• Many bright nebulae and star clusters in planet Earth’s sky are associated with the name of astronomer Charles Messier, from his famous 18th century catalog. His name is also given to these two large and remarkable craters on the Moon. Standouts in the dark, smooth lunar Sea of Fertility or Mare Fecunditatis, Messier (left) and Messier A have dimensions of
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  • This colorful cosmic portrait features glowing gas and dark dust clouds in IC 1795, a star forming region in the northern constellation Cassiopeia. The nebula’s colors were created by adopting the Hubble false-color palette for mapping narrow emission from oxygen, hydrogen, and sulfur atoms to blue, green and red colors, and further blending the data with images of the region
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  • When did galaxies form? To help find out, the deepest near-infrared image of the sky ever has been taken of the same field as the optical-light Hubble Ultra Deep Field (HUDF) in 2004. The new image was taken this summer by the newly installed Wide Field Camera 3 on the refurbished Hubble Space Telescope. Faint red smudges identified on the
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  • What processes formed the unusual surface of Saturn’s moon Tethys? To help find out, NASA sent the robotic Cassini spacecraft right past the enigmatic ice moon in 2005. Pictured above is one of the highest resolution images of an entire face of Tethys yet created. The pervasive white color of Tethys is thought to be created by fresh ice particles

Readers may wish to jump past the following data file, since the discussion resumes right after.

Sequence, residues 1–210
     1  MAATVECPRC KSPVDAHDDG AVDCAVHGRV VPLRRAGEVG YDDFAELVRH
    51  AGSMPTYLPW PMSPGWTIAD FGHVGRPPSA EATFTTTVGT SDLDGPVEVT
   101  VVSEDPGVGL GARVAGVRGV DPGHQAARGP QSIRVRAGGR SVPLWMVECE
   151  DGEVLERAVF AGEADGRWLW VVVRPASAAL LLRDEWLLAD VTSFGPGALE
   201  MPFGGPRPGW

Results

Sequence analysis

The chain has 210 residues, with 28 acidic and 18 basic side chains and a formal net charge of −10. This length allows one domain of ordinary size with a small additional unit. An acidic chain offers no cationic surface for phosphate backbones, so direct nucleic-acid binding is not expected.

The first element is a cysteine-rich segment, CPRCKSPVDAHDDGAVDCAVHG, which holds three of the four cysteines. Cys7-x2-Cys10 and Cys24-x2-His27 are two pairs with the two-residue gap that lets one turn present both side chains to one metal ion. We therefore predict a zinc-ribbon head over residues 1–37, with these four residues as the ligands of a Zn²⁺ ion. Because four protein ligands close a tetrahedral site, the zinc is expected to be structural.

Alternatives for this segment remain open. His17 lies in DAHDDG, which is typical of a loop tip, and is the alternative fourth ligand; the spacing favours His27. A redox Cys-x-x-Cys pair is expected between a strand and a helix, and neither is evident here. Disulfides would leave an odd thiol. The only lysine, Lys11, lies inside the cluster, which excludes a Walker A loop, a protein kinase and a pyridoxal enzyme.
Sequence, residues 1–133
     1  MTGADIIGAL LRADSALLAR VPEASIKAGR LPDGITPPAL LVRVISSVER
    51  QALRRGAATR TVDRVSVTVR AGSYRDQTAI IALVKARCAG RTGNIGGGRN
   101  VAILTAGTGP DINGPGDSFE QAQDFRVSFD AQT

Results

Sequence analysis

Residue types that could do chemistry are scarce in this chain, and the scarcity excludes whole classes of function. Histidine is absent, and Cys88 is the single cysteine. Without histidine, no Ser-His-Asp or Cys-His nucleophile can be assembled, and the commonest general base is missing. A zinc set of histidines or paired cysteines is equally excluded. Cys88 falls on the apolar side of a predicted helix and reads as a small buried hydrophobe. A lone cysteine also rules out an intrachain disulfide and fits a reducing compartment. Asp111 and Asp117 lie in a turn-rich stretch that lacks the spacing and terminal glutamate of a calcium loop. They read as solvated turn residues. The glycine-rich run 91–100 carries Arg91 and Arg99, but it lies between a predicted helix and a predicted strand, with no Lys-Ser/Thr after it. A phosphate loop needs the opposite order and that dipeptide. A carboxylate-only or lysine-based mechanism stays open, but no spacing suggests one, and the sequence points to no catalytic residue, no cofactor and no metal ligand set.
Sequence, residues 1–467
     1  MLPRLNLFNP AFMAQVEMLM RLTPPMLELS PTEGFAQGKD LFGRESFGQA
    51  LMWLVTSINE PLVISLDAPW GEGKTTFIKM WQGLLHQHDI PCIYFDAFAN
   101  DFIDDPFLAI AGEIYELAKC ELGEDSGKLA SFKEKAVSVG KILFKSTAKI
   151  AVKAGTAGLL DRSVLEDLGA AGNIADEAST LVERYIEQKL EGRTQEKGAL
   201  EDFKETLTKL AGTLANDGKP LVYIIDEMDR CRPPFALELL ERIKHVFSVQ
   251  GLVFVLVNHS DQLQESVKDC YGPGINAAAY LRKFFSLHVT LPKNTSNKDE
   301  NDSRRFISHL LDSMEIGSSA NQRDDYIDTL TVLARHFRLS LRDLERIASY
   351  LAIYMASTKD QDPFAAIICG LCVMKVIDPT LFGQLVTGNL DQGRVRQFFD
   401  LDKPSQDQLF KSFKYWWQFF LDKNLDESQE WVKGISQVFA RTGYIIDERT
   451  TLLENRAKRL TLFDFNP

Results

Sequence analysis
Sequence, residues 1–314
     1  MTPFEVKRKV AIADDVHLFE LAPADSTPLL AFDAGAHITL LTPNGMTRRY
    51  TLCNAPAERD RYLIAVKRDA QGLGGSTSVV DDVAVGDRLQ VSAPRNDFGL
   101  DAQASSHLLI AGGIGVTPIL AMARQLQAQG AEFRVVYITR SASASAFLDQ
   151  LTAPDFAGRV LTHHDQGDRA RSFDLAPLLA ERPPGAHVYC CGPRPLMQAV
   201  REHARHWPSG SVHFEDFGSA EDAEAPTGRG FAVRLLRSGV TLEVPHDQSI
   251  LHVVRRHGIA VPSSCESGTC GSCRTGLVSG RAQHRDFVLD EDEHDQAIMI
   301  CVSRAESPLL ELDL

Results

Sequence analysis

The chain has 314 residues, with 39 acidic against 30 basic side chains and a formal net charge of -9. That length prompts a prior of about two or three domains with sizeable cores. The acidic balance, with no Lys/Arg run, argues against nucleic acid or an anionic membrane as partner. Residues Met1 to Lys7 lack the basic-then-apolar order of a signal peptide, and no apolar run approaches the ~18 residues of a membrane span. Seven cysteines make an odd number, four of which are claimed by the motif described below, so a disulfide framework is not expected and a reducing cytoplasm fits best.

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  • This was home. Just over a week ago, the STS-129 crew of the Space Shuttle Atlantis undocked from the International Space Station (ISS) and returned to Earth. As the shuttle departed the space station, they took the above image. Visible on the ISS are numerous modules, trusses, and long wing-like solar panels. The space shuttle crew spent almost 12 days
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  • Comet McNaught, the Great Comet of 2007, was the brightest comet of the last 40 years. Its spectacular tail spread across the sky and was breathtaking to behold from dark locations for many Southern Hemisphere observers. The head of the comet remained quite bright and was easily visible to even city observers without any optical aide. Part of the spectacular
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  • Capella, alpha star of the constellation Auriga, rises over Mt. Everest in this panoramic view of the top of the world at night. The scene was recorded in late November near Namche Bazar, Nepal, gateway to the Himalayan mountain range. Moonlight illuminates the famous peaks of Everest (8840 meters) and Lhotse (8516 meters) at the far left, and a stupa
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  • A lovely starfield in the heroic northern constellation Perseus holds this famous pair of open or galactic star clusters, h and Chi Perseii. Also cataloged as NGC 869 (right) and NGC 884, both clusters are about 7,000 light-years away and contain stars much younger and hotter than the Sun. Separated by only a few hundred light-years, the clusters’ ages based
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  • NGC 660 lies near the center of this intriguing field of galaxies swimming within the boundaries of the constellation Pisces. Over 20 million light-years away, its peculiar appearance marks it as a polar ring galaxy. A rare galaxy type, polar ring galaxies have a substantial population of stars, gas, and dust orbiting in rings nearly perpendicular to the plane of
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  • What creates the cosmic dust sculptures in the Rosette Nebula? Noted for the common beauty of its overall shape, parts of the Rosette Nebula, also known as NGC 2237, show beauty even when viewed up close. Visible above are globules of dark dust and gas that are slowly being eroded away by the energetic light and winds by nearby massive
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